Umi no Hi (Ocean Day) marks the unofficial start of summer in Japan! Unfortunately, the rising temperatures might discourage you from heading out with your little ones. I‘ve rounded up a few fun ways to beat the heat if you’re wondering how to spend summer in Tokyo with a baby or toddler.
The destinations on this list will be east-Tokyo centric (because I live here). But, these are all places that I have personally been to last year when the monster was just a few months old. Two years later they’re still our favorite summer destinations!
Let’s face it: summer in Tokyo is hot and humid. And, if you haven’t experienced it yet, you will soon. You want your little one to be as cool as possible, so have them strut their stuff in a jinbei, a two piece kimono-like garment typically worn in the summertime.
Jinbei are extremely easy to wear – just tie the strings on the top (the left panel goes over right), and the bottoms have an elastic waistband.
Invest in a few Airism mesh tanks from UNIQLO and stash a few in your diaper bag to keep your baby fresh and cool all day.
Even though it’s hot AF outside, public transportation and shopping malls are often very, very cool. Bring a lightweight blanket or cardigan to coverup when indoors. Little Kaiju was gifted this cotton blanket when she was just a newborn and it’s held up two years later.
When it comes to staying hydrated, we’re all about “mugi cha” (麦茶), caffeine-free barley tea. Other types of tea to try are Sokenbicha (爽健美茶) and Juurokyu cha (十六茶). Both are caffiene-free.
Make Some Fishy Friends At The Edogawa Goldfish Festival
The highlight of my summers in Edogawa Ward is the Edogawa Goldfish Festival, a two day event celebrating the local goldfish farming industry.
More than 20,000 goldfish take center stage at the event’s main event, kingyo sukui, a game where you use a special paper covered scooper to collect fish from a small pool.
As with any matsuri, or festival, there’s traditional fare like kakigoori (shaved ice), yakisoba, as well as dishes featuring the locally grown leafy green veggie, komatsuna.
While you’re there, check out the (free) mini zoo at Gyosen Park, which has penguins and a petting zoo.
READ: Edogawa Goldfish Festival (Gaijin Pot)
Splash Around At Sogo Recreation Park
When most people think of parks in Tokyo’s Edogawa Ward, Kasai Rinkai Koen nearly always comes to mind. After all, it’s home to Tokyo Sea Life Park and a giant Ferris wheel. However, Sogo Recreation Park is right down the street and just as exciting — minus the crowds.
My favorite thing to do here is play around in the wading pool and fountain. You can also ride a mini-train to get a better view of this spacious park. Plus, there are plenty of picnic areas throughout the park. All you need to do is bring a tarp and hit up the nearby Family Mart for snacks and drinks (it’s right next to the park’s main entrance on Kannana Doori).
Learn About About Tokyo’s Metro System at the Tokyo Metro Museum
I’ve been to this museum so many times on field trips, but it’s still one of my favorite summer destinations. The Tokyo Metro Museum is located right underneath Kasai Station on the Tozai Line, so you can’t miss it.
A majority of the displays are in Japanese, but there’s plenty of interactive exhibits to enjoy, like the diorama of Tokyo. Right at the entrance are old school Ginza and Marunouchi Line train cars which make the perfect photo opportunity. If you’re lucky, you might even meet the train’s mascots!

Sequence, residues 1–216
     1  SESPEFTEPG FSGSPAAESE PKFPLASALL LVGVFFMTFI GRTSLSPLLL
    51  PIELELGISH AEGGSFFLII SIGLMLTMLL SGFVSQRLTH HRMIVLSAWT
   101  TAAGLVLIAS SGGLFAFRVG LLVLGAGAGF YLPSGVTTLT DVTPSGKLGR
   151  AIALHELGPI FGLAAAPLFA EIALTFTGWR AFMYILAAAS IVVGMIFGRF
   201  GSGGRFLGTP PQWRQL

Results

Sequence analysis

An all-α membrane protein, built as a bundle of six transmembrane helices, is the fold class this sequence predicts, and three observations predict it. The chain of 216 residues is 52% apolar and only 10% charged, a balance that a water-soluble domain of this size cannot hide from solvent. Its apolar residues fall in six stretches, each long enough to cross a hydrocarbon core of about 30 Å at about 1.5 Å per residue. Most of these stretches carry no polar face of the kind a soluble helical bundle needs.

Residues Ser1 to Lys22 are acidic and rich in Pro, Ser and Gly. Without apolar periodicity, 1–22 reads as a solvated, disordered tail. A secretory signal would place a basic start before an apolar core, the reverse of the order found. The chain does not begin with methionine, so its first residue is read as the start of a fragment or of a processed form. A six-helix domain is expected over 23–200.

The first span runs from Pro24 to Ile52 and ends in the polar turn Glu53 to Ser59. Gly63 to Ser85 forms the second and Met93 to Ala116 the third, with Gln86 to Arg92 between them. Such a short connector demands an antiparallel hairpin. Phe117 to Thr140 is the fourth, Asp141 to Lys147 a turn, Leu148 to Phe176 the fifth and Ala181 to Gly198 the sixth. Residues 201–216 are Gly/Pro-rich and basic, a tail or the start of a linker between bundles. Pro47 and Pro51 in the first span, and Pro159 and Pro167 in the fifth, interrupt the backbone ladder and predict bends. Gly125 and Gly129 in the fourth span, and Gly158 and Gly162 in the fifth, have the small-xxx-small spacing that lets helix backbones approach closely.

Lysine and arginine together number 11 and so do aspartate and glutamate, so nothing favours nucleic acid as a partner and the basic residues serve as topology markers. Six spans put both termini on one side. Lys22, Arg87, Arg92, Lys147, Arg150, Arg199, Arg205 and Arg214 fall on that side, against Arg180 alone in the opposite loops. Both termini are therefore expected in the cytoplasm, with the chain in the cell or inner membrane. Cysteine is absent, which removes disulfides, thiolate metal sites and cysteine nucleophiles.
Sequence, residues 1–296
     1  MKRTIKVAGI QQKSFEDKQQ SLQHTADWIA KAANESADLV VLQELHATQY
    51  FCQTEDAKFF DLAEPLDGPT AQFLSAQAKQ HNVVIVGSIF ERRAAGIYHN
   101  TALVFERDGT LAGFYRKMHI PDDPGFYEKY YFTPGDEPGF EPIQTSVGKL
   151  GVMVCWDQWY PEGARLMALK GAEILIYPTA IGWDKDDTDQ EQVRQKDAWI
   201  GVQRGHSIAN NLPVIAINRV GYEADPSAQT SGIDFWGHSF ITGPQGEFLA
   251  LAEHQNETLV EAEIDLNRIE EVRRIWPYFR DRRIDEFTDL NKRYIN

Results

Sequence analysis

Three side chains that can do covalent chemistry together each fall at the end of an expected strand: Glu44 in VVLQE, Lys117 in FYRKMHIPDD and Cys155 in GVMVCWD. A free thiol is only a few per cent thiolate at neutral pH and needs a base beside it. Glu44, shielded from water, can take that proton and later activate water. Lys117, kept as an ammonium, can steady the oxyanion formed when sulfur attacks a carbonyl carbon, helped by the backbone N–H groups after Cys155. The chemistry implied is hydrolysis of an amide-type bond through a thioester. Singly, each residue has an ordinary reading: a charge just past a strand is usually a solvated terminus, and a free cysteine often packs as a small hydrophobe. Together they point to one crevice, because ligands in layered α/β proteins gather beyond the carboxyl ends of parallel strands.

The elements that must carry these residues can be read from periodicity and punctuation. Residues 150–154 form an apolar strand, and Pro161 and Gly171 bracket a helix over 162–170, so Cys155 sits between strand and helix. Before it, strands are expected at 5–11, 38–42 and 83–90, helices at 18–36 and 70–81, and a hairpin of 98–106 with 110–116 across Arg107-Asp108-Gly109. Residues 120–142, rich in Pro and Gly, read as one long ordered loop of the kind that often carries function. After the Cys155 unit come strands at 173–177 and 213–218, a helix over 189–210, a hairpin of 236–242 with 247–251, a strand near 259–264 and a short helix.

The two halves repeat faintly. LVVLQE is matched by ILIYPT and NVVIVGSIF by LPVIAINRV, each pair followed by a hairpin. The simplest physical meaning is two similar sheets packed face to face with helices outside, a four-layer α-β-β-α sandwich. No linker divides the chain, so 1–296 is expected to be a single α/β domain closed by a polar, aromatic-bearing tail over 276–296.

My favorite is the train conductor simulation games and seeing the replica cross section of the tunnel digging machine. There’s a library for those who really want to learn more about the subway system. The back is a rest area complete with tables, a sink, and vending machines.
Experience Edo Japan at the Tokyo Goldfish Wonderland at Sumida Aquarium
I love how the tiny goldfish is such a major part of matsuri and summers in Japan, and Tokyo Goldfish Wonderland at Sumida Aquarium is a wonderful exhibition featuring them and their history in Japan.
A section of the aquarium is transformed into a brilliant display of fish tanks, goldfish streamers, goldfish themed arts and crafts — goldfish everything!
The highlight of the display is a 100 meter long tunnel decorated with 100 goldfish lanterns.
Soak Up the Sun (and Water) At Tokyo Skytree
After you’ve gotten your goldfish and marine life fix at the Sumida Aquarium, head outside to enjoy the water foundation. Adults seem to avoid the water as much as possible but the kids love it!
Cool Down At Tokyo Sea Life Aquarium
Tokyo Sea Life Aquarium is on the grounds of Kasai Rinkai Park. Yes, I called the park overrated a few sections ago, but the aquarium is worth visiting.
It’s a bit of a walk from the train station/bus stop to the entrance, but there are several places on the way where you can take commemorative photos.
To many, the main attraction is the giant tuna tank, but for me, it’s getting up close and personal with sharks and rays at the petting zoo.
And don’t forget about the penguins (Fun fact: nearly 6 years ago, one penguin actually escaped from Tokyo Sea Life Aquarium and was later found swimming in Tokyo Bay. True story.)
Walk Around Ikspiari Mall and Ride the Disney Monorail
As a teacher, I’ve got plenty of off days in the summer- unfortunately, so does every other school kid! I can’t bear to take little Kaiju out to the Happiest Place On Earth when it’s so hot out and crowded at Disneyland. It’s a real shame since Disney Resorts is literally across the river from us!
So, to get our Disney fix, we stroll around the Disney-themed Ikspiari mall and eat lunch, then we hop on the Disney Monorail (there’s a stop inside the mall).
After doing a few rounds on the monorail, get off at Tokyo Disney Sea, and take the bus back home… but not before getting a few souvenirs at the Disney Store!
This is how I spend summer in Tokyo with my girl — what are your plans?
How To Spend Summer in Tokyo With A Baby Or Toddler